April's Ag Advice by April Borders The spread of the West Nile Virus in South Dakota took people by surprise last year. It moved across the state and across the United States before we could think twice. It has caused great concern to all of us as we worry about our safety, our children's safety and the safety of our livestock. We have many questions, especially concerning available products, their effectiveness and safety.
All counties in South Dakota reached the threshold of five or more West Nile Virus detections and the virus is considered established in the state. Across the state 631 horses, 36 humans and 86 birds were confirmed to have West Nile Virus (WNV). In Clay County, seven horses and four birds were reported as having WNV.
As the spring approaches we wonder what will happen this year. Well, no one can predict what the year will bring but we can prepare ourselves and be educated. South Dakota Cooperative Extension Service is working with the South Dakota Department of Health, the South Dakota Municipal League, and the Cooperative Extension Service of Colorado and North Dakota to offer a training session via interactive video.
These training sessions are being offered to anyone who would be involved in controlling mosquitoes in populated areas. This would also include all commercial applicators that have a Category 9 (Public Health) certification. There is no charge for the training, but because of limited seating in some locations, pre-registration is required. These sessions are also open to the public, but government employees and others who will be dealing with mosquito control will have priority for seating.
For Clay County, the training will be offered on April 21 and then again on May 13 at the Yankton County Extension Office at 901 Whiting Dr., Yankton. The sessions will start at 10 a.m. If you are interested in attending please pre-register by calling the Yankton County Extension Office at 605-665-3387 or at the Clay County Extension Office at 605-677-7111.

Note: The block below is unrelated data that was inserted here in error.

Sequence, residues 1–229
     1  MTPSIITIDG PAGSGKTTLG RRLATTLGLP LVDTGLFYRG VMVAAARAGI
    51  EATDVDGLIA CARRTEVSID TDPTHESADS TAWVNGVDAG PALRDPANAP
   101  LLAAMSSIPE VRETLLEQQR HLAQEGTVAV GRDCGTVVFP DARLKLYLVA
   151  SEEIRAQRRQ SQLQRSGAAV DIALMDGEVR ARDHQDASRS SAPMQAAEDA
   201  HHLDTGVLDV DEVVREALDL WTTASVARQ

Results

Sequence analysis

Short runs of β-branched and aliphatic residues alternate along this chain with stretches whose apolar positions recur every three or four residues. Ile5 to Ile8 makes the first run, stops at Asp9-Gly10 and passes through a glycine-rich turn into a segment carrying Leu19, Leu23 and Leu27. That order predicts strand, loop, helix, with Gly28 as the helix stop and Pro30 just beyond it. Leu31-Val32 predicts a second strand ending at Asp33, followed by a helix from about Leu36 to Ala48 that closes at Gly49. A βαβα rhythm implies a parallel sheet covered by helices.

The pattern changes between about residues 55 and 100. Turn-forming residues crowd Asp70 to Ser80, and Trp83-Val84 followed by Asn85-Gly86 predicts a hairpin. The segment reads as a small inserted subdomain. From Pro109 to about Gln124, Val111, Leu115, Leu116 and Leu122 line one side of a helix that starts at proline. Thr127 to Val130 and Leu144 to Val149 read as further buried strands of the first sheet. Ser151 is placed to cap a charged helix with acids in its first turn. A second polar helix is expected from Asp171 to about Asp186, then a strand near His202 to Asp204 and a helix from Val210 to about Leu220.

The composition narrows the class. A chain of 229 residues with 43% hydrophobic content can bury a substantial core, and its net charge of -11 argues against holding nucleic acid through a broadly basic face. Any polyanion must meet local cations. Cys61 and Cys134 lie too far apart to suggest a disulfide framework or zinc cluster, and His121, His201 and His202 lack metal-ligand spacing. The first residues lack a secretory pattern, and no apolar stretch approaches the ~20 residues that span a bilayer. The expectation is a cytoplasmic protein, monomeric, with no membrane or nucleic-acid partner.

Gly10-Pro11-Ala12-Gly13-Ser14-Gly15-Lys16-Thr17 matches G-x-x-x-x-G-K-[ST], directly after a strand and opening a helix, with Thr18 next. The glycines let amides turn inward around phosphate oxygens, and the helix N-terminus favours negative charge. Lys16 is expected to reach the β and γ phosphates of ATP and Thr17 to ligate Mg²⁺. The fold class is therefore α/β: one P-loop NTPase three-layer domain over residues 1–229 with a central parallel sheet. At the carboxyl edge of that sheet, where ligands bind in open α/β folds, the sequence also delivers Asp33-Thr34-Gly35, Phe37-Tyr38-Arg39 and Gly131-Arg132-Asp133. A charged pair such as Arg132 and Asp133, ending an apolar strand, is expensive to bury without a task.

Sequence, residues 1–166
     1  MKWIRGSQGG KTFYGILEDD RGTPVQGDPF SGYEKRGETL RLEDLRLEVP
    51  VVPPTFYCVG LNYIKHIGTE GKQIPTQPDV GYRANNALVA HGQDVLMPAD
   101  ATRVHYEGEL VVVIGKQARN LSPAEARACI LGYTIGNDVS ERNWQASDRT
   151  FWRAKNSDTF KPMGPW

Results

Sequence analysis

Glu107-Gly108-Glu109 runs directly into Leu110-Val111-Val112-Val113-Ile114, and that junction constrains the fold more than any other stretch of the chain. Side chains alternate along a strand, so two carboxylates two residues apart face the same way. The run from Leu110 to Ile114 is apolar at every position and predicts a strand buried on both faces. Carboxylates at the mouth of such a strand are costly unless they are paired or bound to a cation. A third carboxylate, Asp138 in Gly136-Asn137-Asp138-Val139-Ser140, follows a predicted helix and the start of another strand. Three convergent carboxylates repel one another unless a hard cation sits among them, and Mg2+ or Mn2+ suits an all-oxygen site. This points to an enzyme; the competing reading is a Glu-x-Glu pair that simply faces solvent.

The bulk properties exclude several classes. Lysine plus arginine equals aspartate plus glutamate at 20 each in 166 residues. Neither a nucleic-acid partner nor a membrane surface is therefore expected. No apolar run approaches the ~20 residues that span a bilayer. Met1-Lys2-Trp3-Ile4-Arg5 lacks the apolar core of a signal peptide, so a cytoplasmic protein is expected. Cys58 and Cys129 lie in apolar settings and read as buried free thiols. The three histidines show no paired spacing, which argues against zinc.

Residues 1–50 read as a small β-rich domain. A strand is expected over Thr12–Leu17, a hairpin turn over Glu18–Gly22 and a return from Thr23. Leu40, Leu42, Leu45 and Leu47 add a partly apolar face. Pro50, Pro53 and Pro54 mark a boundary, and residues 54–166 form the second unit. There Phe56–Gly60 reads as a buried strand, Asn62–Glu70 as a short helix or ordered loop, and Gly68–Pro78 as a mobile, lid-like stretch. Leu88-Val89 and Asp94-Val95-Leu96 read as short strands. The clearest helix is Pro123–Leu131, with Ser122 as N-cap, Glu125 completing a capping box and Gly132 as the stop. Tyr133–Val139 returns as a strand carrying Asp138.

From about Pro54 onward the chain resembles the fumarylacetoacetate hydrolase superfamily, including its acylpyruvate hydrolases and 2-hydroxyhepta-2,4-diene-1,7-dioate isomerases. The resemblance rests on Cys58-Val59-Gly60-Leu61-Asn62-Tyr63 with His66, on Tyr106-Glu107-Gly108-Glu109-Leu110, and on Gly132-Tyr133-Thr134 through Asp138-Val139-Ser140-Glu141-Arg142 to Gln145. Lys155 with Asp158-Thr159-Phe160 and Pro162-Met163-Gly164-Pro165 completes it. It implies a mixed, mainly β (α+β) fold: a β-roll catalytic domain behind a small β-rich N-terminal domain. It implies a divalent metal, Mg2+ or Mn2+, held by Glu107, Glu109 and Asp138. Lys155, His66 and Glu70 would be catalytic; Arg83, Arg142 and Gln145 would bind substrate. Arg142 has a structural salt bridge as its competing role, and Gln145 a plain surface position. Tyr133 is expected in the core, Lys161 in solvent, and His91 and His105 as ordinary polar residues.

Topics to be covered at the training session will be: Legal requirements for the application of mosquito control products, mosquito control basics, South Dakota issues with West Nile Virus, mosquito biology control strategies, setting up a mosquito control program and West Nile Virus � a national perspective.
Horse owners should keep in mind that a vaccine for horses has been found in experiments to prevent some 94 percent or more of West Nile Virus cases, according to SDSU Extension veterinarian Bill Epperson. Horse owners should consult with their veterinarian to determine what program and management options best suit their needs.
Mike Catangui, SDSU Extension entomologist, said, "The encephalitis mosquito actually winters in South Dakota as an adult. As soon as the temperature exceeds 40 degrees, they begin to be active, so we could be dealing with mosquitoes quite soon."
The Extension office does have several bulletins available for the public if interested.
Extension Extra 11009 � What You Need to Know Before Vaccinating Your Horses for West Nile Virus
Extension Extra 14073 � Just for Kids � West Nile Virus
Extension Extra 8146 � DEET as a Mosquito Repellent: What You Need to Know
If you have any questions or would like a copy of the mentioned Extension Extras please stop by or contact us at 677-7111.